I was working this job because I felt like it was the right thing to do. But was it? How could it be the right thing when everyone was miserable? When my child was telling me that she wouldn’t buy anymore toys, and she didn’t need anything for her birthday just so I didn’t have to leave again, I was done. So, when shit hit the fan at work, I told every single one of them what I thought and bailed the hell out of there. No warning, no explanation, no two weeks, and no letter of resignation. It was entirely unprofessional and the most liberating thing I’d ever done in my life.
I’d been saving money for months in case I decided to do just that. I used that money as a cushion to start on, and I looked for writing jobs. It took time. I got desperate and discouraged more than once. I stayed up late as hell, night after night, trying to figure this shit out. But I made it work in the end. People started hiring me. I was making money. More than I’d even expected, and all while I was at home with my daughter. I could take her to the park. If she needed me, I was there.
But I didn’t do so without catching shit from virtually everyone around me. “This isn’t a real job. How do you think you’re going to support your family with something like that. You can’t make a living off a hobby. If you really wanted to do well by your child, you’d have a real job; something to support her.” Then, if it wasn’t coming from family, it was coming from trolls online. Almost every piece would have at least a comment or two referring to me as a lazy millennial, a “libtard,” someone who needed to get a real job. To those, I say a big, fat, fuck you.
I have worked that “real” job. I’ve been stuck in that grind. It wasn’t for me. I was miserable and unhappy, and so was my kid. Instead of staying stuck there, because that’s what society says I’m supposed to do, I grabbed myself by the boot straps and carved a new path. One that I was happy with, and that made me feel accomplished. Something I was proud to tell my daughter about. Her mother didn’t settle and she didn’t conform. I trudged through the bullshit and made my own way.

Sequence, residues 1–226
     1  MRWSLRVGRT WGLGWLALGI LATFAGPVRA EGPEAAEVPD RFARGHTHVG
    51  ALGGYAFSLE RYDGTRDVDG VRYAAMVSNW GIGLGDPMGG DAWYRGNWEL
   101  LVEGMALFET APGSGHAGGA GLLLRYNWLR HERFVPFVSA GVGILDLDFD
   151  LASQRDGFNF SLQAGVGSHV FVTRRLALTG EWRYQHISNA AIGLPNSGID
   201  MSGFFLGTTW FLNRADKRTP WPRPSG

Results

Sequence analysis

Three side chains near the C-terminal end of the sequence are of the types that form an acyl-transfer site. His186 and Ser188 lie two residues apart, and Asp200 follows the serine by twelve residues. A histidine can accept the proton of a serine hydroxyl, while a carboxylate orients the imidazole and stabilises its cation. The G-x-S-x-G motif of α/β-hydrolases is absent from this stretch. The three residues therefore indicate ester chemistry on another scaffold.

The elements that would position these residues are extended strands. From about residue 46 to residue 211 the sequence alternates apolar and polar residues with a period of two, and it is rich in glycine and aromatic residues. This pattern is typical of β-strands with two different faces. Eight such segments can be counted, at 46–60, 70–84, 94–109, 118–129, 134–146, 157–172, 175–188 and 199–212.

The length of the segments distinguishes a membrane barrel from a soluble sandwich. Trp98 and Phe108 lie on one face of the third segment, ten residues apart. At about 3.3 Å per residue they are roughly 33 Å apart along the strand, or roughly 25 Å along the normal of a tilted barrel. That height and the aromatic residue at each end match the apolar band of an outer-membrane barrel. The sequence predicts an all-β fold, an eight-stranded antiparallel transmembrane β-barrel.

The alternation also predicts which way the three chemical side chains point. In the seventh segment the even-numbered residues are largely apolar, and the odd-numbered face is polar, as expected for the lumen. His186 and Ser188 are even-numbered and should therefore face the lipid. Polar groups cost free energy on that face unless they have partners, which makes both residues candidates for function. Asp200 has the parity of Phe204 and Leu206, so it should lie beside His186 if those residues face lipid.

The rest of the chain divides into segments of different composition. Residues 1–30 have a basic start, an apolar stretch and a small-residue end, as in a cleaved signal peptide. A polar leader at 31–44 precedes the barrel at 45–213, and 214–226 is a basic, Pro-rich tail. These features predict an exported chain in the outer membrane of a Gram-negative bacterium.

I struggle to understand why people think that it’s any of their business what I do for work. I’m taking care of my child. I’m supporting my family. We have plenty of money, and now we have plenty of time as well. I’m doing right by her and I’m finally doing right by myself. I had the opportunity to make a living off of what I love. Why is that a bad thing?
You don’t have the right to tell me what I’m “supposed” to do. The definition of work is, “mental or physical activity as a means of earning income.” Why does it suddenly not count as work if I’m not pulling 12’s? What gave people the right to define what “real work” is and what isn’t? And what in the hell made them think that their opinion mattered to me anyway?
I’m here to tell you that what I do is real work. I’ve spent many nights up until 3 or 4 in the morning, researching, making sure that what I turn in is the very best. I’ve worked weekends and even holidays. I work my ass off. Just like everyone else. Just like all the photographers, the artists, and the writers. And believe it or not, I work just like the factory workers and the laborers. There is no one certain job or trade or schedule that defines a real job. Real work is a passion. You don’t get to be angry or bitter or call me names just because my work is different than yours. Honestly, most of the trolls are just shitty because I get to work from my couch in my jammies and they don’t.
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Andrea is a freelance writer based out of Kentucky. She is the mother to a 3 year old little girl and step-mother to a 6 year old boy. She’s been married to her husband and best friend for 5 years. She enjoys fishing, camping, hiking and the occasional glass of wine by a bonfire.